Could Sleeping in Separate Rooms Improve Your Relationship?

By Relationships Australia

2 in 5 Australians aren’t getting enough sleep – but is sleeping in a separate bed the solution? We explain why you might consider sleeping in a different room to your partner, and how can you ensure it contributes positively to your relationship, instead of hindering it.

Mounting scientific research consistently tells us that sleep is critical for our mental and physical well-being.

We’re reminded that adults need around seven to nine hours of sleep every night, and those hours need to involve periods of deep sleep to be truly restorative. We’re told it should take place in a calm, quiet, and peaceful environment and that not getting enough can have long-term impacts. It can even impact the economy, with inadequate sleep estimated to cost the Australian economy $66.3 billion in 2016-17.

But what happens if your partner tosses and turns, snores loudly, likes to stay up much later than you, or works shifts, meaning you’re regularly disturbing each other’s slumber?

Why do couples sleep in separate beds?

It’s normal for couples to sleep in separate beds from time to time, like when one of you is travelling, suffering a bout of illness, or has a habit of nodding off on the couch.

However, it’s generally expected that couples in good relationships should want to sleep together and that any temporary departures from the communal bed should be hastily recovered, to ensure the status quo.

But growing anecdotal evidence suggests more and more couples across all demographics are turning to sleeping in separate beds or separate bedrooms, all in the name of a better night of shut eye. In fact, single adult dwellings are the fastest growing type of household in Australia, perhaps suggesting that even those in relationships are delaying or forgoing cohabitation and co-sleeping.

There are a number of reasons a couple may choose to sleep separately, which don’t necessarily signal that there’s trouble in the relationship:

  • Light or restless sleeping: one partner tosses and turns, or repetitively wakes up, and the other partner is a light sleeper.
  • Health and medical conditions: one partner may have sleep apnea, or snores regularly.
  • Different body clocks: perhaps one of you goes to bed very late, wakes up early, or wants to read for two hours in the middle of the night.
  • Different work schedules: one of you may work night shifts, meaning that they’re awake when you’re asleep, and vice versa.
  • A desire to have your own space: one or both of you may simply enjoy having some time alone, especially right before bed, to recover from a long day.

When you add in the multitude of other sleep barriers modern life throws our way – such as technology, having young children, noisy neighbours, and the increasingly ‘always-on’ nature of work – it’s little wonder this time of the day feels so precious.

Sleeping separately doesn’t have to signal problems in the relationship

If you normally live with your partner, and you’re worried that trialling separate bedrooms could signal problems in a relationship that’s otherwise strong and healthy, don’t be. Balancing psychological and physical space is a perfectly normal dance that changes over the course of a relationship. Initially, we long for lots of skin-to-skin contact with our partner, and new couples show that by sitting close and touching a lot.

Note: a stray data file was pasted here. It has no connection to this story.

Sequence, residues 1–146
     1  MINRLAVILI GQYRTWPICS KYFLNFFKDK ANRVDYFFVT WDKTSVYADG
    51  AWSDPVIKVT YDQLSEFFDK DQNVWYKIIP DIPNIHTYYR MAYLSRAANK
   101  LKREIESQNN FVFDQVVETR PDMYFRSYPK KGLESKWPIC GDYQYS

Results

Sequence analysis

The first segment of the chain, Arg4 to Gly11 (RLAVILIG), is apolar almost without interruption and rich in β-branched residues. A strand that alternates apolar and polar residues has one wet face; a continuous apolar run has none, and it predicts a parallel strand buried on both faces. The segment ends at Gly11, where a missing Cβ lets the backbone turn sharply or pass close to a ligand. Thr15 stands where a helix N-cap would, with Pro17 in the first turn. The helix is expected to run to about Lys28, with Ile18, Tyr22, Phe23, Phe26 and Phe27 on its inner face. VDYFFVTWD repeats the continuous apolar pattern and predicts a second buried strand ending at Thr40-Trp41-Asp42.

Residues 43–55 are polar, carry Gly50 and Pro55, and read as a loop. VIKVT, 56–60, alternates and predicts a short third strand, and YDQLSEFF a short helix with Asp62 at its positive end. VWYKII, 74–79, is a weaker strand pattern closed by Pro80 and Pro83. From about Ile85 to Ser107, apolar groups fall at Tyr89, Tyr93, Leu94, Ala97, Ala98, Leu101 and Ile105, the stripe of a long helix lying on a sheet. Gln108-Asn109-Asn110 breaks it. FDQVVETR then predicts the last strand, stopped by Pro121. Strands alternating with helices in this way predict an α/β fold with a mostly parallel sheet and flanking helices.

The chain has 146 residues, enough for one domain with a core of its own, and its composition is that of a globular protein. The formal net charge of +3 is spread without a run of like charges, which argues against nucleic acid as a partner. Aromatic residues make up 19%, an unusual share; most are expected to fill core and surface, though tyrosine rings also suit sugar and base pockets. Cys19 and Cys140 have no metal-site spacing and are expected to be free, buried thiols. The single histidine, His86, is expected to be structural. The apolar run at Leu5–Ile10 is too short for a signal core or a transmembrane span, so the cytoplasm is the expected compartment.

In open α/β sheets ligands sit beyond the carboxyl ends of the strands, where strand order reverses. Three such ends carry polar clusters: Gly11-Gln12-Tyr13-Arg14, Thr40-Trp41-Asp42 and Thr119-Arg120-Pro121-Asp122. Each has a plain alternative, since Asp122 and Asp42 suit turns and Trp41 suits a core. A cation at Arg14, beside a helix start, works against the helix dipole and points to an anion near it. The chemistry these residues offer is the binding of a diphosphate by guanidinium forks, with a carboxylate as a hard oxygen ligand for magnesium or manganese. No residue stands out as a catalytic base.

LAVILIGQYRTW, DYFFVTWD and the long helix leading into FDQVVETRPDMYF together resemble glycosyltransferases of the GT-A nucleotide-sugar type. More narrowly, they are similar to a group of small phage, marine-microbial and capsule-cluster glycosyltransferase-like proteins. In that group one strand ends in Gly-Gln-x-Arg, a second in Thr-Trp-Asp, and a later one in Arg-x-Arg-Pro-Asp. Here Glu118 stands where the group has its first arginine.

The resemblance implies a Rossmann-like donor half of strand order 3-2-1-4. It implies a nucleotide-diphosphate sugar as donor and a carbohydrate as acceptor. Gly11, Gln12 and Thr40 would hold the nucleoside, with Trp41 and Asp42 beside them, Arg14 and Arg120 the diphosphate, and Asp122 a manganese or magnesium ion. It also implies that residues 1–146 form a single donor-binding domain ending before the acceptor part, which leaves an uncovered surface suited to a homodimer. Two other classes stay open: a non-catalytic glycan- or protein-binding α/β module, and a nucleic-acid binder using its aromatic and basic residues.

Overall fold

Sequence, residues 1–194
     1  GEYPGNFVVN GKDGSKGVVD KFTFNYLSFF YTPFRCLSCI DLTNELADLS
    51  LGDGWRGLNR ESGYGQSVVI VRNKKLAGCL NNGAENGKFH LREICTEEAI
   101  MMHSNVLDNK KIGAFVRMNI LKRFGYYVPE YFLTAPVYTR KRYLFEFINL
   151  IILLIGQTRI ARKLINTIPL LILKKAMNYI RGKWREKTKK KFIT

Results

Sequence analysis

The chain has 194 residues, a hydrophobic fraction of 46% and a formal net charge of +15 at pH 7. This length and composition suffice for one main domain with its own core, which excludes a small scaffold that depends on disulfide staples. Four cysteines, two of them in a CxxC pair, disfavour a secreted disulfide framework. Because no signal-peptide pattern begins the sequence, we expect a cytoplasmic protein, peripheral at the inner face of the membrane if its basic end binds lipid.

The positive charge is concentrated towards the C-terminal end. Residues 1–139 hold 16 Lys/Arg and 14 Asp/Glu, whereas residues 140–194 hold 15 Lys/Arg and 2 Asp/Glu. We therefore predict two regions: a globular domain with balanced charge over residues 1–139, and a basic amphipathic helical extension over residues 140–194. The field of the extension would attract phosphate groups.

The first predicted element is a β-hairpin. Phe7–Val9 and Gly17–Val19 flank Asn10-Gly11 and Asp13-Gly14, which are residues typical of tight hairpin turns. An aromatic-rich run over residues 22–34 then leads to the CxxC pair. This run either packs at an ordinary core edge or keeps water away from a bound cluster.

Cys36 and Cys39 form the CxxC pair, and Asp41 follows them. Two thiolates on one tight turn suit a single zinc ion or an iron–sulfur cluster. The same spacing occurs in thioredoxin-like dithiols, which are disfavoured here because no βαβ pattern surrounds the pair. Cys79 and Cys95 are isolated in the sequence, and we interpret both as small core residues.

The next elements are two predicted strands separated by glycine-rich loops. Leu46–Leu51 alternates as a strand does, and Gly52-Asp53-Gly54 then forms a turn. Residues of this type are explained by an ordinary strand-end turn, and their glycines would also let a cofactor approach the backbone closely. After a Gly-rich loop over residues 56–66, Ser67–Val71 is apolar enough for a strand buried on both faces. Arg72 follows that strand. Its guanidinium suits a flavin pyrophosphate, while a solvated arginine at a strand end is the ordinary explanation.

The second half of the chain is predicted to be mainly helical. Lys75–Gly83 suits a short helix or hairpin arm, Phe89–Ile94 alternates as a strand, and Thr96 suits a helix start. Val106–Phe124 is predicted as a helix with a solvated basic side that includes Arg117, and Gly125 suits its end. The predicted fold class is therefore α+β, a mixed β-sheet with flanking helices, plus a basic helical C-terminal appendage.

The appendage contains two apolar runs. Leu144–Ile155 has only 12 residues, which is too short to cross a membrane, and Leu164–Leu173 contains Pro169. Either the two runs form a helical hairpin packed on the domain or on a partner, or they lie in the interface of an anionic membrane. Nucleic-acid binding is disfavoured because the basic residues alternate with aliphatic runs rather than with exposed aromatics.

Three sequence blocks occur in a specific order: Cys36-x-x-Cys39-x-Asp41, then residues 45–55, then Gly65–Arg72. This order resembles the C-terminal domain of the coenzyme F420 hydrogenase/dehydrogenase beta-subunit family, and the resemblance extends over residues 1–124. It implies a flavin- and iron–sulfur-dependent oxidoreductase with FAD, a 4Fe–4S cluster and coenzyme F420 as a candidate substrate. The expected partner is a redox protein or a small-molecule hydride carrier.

Over time, this changes, but it doesn’t have to mean a loss or lack of interest in each other. Rather, a reduced desire to express your emotions physically can actually be a positive sign of comfort and security in the relationship. You no longer need to constantly check on your partner’s proximity to be reassured of their love.

It’s also important to realise that where you sleep does not have to reflect on the level of sexual intimacy between you. As long as you can discuss your needs openly with your partner, you’ll be able to find effective and intimate solutions to the sleep preferences and challenges you encounter, in ways that involve the bedroom as well as other rooms in the house.

How to make your relationship work when you sleep separately

There’s no ‘right’ or ‘wrong’ way to go about it – what’s important is the communication between you and your partner. Some questions to ask yourselves and each other include:

  • Has the arrangement drifted into a pattern without discussion, leaving it open to interpretation?
  • Do you worry there is deeper meaning to sleeping separately, because it adds to other issues you may be having with intimacy or connection?
  • Does one of you prefer to sleep together and the other doesn’t, making the arrangement feel like rejection?
  • Have you in other ways started living “parallel lives”, or are starting to feel more like flatmates than a couple?
  • Have you moved to another bed because you have another unresolved issue that you are not raising?

If any of these questions raise issues, it’s a good idea to have an open and honest conversation about the sleeping arrangements in your relationship.

It’s also important to address any issues that could be leading you to sleep separately. For example, do you need to see a doctor to get that snoring checked? Are you staying up later than is really good for you anyway? Have you really paid attention to achieving intimacy in other ways?

Finally, it’s important to feel resolved between yourselves, and to check in on your arrangements from time to time.

If these discussions do raise a negative pattern or underlying concerns, talking it out and finding a better resolution with a couples counsellor can be hugely beneficial. Relationships Australia NSW offers couples counselling to help you find ways to move forward.

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